Kansas will be 48th to legalize marijuana right in front of Idaho and Utah. Honey, when you go out can you pick up some milk, bread, wine, and weed?
Sorry SofaKing... but backasswards Kansas will be the 55th state to legalize, this state would rather stay on the path it's on then enjoy the wealth of opportunities that just hemp farming alone could provide this state and it's farmers, as well as the ogallala aquifer, you know that big water thing they've been killing for years to grow corn. But on the bright side, western Kansas will make a mint busting those people coming from those "other states". If anyone wants to start hemp farming there is a whole bunch of it around here, out on 15th st, north of the airport across the road from one county commissioner there is a big one.... all along the RR tracks and US 24 from here the little apple.... better get out those county or state spray trucks and get some 2-4-d on that asap or next thing you know those cartels will be here picking that ditch weed to mix in with the good weed so they make more money.... Funny I've never seen van loads of cartels out picking ditch weed around here, only stupid college kids from places where wild hemp don't grow.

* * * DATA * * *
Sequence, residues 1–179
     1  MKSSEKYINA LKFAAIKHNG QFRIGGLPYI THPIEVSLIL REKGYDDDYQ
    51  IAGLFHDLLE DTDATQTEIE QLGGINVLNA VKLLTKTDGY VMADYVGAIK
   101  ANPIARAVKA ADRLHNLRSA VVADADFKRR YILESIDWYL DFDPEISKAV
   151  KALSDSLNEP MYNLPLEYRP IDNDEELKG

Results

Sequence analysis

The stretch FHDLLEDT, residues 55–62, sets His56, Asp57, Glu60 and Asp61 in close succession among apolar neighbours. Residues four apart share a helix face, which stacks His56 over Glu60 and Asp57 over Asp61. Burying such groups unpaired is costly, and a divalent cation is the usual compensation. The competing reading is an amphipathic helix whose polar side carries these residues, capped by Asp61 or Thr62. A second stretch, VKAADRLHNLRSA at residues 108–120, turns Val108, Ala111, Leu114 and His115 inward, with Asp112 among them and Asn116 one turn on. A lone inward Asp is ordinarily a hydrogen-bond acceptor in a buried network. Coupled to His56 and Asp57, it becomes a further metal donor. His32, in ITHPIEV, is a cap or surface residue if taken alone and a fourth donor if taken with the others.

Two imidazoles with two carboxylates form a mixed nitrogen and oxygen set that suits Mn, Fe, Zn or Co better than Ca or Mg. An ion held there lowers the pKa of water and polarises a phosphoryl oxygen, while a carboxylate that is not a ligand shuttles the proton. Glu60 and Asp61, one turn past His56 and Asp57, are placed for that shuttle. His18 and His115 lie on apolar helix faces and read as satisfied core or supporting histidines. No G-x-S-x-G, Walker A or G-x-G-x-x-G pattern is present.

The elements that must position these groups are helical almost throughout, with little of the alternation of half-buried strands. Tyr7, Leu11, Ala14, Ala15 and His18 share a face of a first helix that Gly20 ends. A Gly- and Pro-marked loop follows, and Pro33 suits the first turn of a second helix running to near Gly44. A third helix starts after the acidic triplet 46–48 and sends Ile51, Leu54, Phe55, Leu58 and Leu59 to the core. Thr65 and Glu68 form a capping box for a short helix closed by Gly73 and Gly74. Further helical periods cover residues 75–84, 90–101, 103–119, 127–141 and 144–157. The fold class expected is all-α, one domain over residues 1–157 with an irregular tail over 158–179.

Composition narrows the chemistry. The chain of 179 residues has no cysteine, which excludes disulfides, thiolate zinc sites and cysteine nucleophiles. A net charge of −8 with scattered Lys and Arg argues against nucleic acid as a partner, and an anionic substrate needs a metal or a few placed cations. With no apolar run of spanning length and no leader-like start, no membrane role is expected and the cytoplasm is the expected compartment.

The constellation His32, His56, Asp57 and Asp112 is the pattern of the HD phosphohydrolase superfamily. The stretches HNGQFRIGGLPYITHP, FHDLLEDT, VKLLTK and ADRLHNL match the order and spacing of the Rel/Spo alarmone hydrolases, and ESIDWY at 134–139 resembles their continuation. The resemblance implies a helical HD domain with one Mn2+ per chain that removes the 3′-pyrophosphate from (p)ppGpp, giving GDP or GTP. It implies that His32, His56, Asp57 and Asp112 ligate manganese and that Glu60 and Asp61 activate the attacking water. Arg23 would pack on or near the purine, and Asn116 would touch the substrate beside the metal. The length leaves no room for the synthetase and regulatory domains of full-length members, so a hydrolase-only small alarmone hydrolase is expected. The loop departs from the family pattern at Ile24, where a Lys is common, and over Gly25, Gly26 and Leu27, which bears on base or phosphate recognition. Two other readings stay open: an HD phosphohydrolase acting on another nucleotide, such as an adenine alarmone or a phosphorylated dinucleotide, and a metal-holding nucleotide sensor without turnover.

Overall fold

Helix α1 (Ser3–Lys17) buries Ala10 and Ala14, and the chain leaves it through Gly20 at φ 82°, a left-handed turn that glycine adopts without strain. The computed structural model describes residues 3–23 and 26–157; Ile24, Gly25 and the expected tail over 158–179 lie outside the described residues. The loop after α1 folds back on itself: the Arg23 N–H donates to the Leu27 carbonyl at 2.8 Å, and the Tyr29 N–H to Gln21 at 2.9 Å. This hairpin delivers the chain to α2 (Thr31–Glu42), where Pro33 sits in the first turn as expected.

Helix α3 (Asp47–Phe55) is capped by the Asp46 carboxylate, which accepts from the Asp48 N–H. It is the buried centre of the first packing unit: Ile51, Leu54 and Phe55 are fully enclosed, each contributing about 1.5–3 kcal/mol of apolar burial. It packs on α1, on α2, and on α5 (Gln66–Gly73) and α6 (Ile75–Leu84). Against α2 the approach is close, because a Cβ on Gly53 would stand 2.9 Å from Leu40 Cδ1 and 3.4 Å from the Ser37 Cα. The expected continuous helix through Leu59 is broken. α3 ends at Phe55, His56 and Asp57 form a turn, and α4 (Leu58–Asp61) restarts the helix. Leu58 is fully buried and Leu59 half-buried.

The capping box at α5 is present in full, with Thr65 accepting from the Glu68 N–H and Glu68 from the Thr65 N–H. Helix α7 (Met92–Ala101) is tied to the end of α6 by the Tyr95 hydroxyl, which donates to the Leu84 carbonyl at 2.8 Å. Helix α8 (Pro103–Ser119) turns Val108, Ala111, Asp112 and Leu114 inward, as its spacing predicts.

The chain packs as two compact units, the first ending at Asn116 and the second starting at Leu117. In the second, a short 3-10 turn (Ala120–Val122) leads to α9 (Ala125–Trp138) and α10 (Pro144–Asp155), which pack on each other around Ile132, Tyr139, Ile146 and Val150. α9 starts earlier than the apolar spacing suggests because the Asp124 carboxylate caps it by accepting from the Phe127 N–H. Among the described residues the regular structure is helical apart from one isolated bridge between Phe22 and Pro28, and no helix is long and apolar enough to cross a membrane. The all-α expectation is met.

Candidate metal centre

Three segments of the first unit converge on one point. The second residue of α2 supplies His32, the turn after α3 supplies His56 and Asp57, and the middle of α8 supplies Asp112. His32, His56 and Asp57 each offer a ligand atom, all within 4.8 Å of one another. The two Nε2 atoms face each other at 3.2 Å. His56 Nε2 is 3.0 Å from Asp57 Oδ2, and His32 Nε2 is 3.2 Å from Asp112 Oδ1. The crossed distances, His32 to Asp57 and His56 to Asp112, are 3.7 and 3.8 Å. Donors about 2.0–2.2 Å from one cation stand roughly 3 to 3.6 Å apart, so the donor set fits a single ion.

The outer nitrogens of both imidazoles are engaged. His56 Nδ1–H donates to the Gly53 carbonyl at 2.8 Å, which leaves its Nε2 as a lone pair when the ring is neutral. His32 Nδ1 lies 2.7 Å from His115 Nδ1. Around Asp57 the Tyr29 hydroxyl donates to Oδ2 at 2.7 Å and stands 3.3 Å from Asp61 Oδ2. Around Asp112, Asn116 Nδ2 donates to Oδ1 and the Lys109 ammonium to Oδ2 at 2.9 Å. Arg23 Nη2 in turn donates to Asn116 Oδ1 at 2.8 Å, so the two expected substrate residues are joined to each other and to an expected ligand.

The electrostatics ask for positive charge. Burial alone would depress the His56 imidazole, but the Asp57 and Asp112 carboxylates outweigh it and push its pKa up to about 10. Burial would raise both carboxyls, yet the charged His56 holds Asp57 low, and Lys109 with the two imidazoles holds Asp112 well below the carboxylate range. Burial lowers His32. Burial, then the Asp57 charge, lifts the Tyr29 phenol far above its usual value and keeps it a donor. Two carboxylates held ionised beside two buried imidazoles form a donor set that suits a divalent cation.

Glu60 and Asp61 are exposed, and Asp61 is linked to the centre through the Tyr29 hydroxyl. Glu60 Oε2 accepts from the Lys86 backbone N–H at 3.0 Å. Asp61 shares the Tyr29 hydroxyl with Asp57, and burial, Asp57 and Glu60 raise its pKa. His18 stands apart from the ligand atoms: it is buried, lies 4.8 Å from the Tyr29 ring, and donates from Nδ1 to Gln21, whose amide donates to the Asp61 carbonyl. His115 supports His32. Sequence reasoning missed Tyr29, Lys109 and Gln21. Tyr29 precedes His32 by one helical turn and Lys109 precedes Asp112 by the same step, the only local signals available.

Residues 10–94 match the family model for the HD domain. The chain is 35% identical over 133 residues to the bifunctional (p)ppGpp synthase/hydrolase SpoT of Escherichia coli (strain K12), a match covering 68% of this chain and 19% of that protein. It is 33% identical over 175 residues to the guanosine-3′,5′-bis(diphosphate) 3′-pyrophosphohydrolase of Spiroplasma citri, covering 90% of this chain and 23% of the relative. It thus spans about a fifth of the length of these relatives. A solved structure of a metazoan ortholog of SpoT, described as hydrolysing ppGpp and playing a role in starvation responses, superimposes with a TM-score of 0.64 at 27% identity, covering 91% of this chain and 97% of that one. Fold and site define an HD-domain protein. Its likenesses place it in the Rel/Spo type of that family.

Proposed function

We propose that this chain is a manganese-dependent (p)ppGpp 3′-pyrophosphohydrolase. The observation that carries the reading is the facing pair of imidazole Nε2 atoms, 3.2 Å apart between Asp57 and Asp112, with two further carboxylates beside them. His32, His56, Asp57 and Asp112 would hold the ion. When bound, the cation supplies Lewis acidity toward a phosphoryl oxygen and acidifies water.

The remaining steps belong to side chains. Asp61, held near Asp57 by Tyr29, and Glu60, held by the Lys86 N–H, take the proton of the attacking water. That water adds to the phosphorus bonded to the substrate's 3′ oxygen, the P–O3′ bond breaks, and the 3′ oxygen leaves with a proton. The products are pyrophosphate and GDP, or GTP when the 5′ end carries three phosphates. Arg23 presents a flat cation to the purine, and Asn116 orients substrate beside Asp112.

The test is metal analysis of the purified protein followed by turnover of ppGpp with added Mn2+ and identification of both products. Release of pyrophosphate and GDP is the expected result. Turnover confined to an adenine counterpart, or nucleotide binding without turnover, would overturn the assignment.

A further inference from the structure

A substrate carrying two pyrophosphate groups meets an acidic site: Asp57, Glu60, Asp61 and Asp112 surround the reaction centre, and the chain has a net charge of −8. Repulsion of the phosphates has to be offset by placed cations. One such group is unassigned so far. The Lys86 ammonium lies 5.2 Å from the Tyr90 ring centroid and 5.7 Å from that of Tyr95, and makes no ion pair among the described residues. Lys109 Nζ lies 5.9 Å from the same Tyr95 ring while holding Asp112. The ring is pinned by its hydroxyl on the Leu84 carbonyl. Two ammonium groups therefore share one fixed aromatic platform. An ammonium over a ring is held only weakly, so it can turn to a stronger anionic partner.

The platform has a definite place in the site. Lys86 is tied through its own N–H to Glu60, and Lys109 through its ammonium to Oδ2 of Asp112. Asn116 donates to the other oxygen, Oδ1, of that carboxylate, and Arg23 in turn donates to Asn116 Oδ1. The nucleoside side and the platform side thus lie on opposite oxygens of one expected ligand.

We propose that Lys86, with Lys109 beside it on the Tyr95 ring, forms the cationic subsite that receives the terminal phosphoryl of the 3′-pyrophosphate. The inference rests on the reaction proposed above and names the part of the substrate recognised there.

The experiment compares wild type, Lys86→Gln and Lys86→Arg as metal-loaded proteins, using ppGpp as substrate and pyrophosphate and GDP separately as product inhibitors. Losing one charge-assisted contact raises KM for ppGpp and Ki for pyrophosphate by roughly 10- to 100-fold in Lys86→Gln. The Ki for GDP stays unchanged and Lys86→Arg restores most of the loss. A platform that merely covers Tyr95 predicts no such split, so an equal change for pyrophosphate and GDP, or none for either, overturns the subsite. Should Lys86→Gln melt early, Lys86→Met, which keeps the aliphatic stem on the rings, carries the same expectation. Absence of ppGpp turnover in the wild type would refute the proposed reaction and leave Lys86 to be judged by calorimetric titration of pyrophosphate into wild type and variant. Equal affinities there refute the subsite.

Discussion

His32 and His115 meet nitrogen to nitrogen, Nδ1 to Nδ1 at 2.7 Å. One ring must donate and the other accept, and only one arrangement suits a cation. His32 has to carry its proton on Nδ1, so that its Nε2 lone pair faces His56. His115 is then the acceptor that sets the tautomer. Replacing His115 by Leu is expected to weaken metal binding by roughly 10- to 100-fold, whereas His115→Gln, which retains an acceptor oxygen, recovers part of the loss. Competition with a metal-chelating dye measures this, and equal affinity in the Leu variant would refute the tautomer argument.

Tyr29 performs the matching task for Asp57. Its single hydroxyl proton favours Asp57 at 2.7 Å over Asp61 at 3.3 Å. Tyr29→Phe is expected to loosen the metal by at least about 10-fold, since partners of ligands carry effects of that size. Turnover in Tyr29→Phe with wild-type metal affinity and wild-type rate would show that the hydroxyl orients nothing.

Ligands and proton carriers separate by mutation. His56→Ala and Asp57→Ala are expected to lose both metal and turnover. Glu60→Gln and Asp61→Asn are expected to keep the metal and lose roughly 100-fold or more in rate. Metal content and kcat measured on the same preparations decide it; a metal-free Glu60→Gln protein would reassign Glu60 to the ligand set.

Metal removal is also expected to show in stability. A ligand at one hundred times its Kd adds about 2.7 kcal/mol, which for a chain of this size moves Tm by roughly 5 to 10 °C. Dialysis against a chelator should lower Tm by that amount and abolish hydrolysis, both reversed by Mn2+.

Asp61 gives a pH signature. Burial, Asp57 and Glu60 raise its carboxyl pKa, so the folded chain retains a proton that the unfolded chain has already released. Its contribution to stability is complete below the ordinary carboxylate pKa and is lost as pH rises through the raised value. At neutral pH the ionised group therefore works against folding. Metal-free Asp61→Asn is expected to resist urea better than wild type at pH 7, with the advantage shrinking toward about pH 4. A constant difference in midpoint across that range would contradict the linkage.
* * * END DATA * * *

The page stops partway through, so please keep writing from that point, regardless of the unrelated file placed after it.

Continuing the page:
They should just legalize the growing of pot , skip all these preliminary steps like medical , recreational , grower , pharmacy , just legalize it kind of like tomatoes.
If public safety were the priority we would have to take a different approach. One person dies every nineteen minutes from an overdose of prescription medicine in the US. During all of mankind's association with cannabis which goes back to before the stone age not a single person has ever died of an overdose solely of cannabis. As much as those who object to marijuana try to demonize the plant it really is pretty benign when compared to the alternatives. The same report noted that 59.9% of rapes, 53.2% of all violent crimes, and 81% of property crimes reported in 2012 were unsolved or did not result in arrest. Violent crimes used to be solved prior to marijuana prosecutions becoming an excuse for not protecting our communities.